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    CAUTION:  ADVANCE TEXT Press Release No:  UNIS/SG/2572
    Not for release before        
    3 p.m., 21 May
    Release Date: 22 May 2000
    Secretary-General, Receiving Doctorate of Laws, Gives
    Commencement Address at Notre Dame

    NEW YORK, 19 May (UN Headquarters) -- Following is the text of Secretary-General Kofi Annan’s commencement address at the University of Notre Dame, South Bend, Indiana, delivered on 21 May:

     Thank you for that most flattering introduction, and thank you for this degree of Doctor of Laws.

     It is, indeed, a great honour for me to share this special day of achievement with so many of you.  This University is justly famous, and we can all be very proud to be associated with it.

     It has built its reputation for learning on a solid link with the Catholic Church -- a body which even we who are not members of it must admire for its message of the universal brotherhood and sisterhood of men and women, of social justice and respect for human life.

     Just six weeks ago, I had the privilege, with my colleagues in the United Nations system, of being received in Rome by His Holiness Pope John Paul II.  Once again, I was struck by his acute sense of the times we are all living in, and by his burning desire to see the benefits of human progress more widely and equitably shared.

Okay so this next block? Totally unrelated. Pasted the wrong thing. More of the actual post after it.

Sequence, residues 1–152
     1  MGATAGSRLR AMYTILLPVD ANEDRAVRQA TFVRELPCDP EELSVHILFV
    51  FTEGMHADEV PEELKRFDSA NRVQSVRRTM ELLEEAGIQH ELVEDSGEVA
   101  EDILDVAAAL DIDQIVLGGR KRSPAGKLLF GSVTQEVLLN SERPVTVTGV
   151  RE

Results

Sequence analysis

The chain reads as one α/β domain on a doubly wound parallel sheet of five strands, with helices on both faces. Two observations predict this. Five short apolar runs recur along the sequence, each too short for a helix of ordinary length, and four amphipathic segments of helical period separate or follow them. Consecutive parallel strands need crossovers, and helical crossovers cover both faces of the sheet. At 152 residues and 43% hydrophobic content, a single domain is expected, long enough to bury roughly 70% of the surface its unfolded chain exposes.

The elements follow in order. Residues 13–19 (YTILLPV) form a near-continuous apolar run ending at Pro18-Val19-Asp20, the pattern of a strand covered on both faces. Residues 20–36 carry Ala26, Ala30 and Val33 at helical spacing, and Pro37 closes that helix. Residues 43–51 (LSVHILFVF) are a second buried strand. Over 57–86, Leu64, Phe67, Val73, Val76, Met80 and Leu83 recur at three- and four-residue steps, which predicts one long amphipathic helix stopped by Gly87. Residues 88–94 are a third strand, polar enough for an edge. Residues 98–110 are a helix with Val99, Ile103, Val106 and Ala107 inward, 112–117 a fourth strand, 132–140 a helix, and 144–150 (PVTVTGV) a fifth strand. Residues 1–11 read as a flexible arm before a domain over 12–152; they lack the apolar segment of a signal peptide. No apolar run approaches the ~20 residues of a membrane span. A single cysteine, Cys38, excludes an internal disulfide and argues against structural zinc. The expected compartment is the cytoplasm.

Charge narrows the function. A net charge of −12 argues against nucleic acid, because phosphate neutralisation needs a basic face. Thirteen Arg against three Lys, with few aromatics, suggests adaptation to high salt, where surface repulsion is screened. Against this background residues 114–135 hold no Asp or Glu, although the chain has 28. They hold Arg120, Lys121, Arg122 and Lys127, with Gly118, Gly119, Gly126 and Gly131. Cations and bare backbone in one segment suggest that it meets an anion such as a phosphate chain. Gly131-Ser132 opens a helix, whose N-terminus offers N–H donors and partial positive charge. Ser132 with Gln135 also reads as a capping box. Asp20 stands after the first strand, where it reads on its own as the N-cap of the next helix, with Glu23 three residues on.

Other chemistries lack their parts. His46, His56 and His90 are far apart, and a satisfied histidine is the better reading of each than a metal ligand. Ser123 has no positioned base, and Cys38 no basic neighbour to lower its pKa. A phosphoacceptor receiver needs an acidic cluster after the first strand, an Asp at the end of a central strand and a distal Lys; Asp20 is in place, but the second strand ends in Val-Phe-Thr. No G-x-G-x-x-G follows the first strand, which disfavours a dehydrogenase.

He spoke of the world's increasing interdependence.  He rightly said that this requires new ways of thinking and new types of international cooperation.

     And he defined the challenge facing us, at the dawn of the twenty-first century, as that of building a world in which individuals and peoples fully and unequivocally accept responsibility for their fellow human beings, for all the earth's inhabitants.

     I was greatly encouraged by this message, because it chimes exactly with one that I myself am trying to get across.

     In just over three months' time, political leaders from all over the world will gather in New York for the Millennium Summit.  In preparation for that meeting, I have issued a report, which deals with issues of peace and security, with environmental problems, and with the reform of the United Nations itself.

     The longest section in it, which I feel is specially close to the Pope's message, is entitled "Freedom from Want".  And it is that theme that I should like to dwell on briefly this afternoon.

     One of the aims of the United Nations is "to promote social progress and better standards of life in larger freedom".  The founders knew that this aim is inseparable from the other aims -- peace, human rights and respect for international law -- which they listed alongside it.

     Without doubt, in the past half century the world has made great economic gains.  Since the 1960s, life expectancy in developing countries has increased from 46 to 64 years; infant mortality rates have halved; the proportion of children enrolled in primary school has increased by more than 80 per cent; and access to safe drinking water and sanitation has doubled.

     Some parts of the world are now getting richer at almost vertiginous speed.  But others are falling further and further behind.  

     Sixty per cent of the world's income is now earned by 1 billion people living in developed countries, while the 3.5 billion in low-income countries earn less than 20 per cent.

     Nearly half the world's population has to make do on less than $2 per day.  And some 1.2 billion people -- including 500 million in South Asia and 300 million in Africa -- are struggling on less than $1.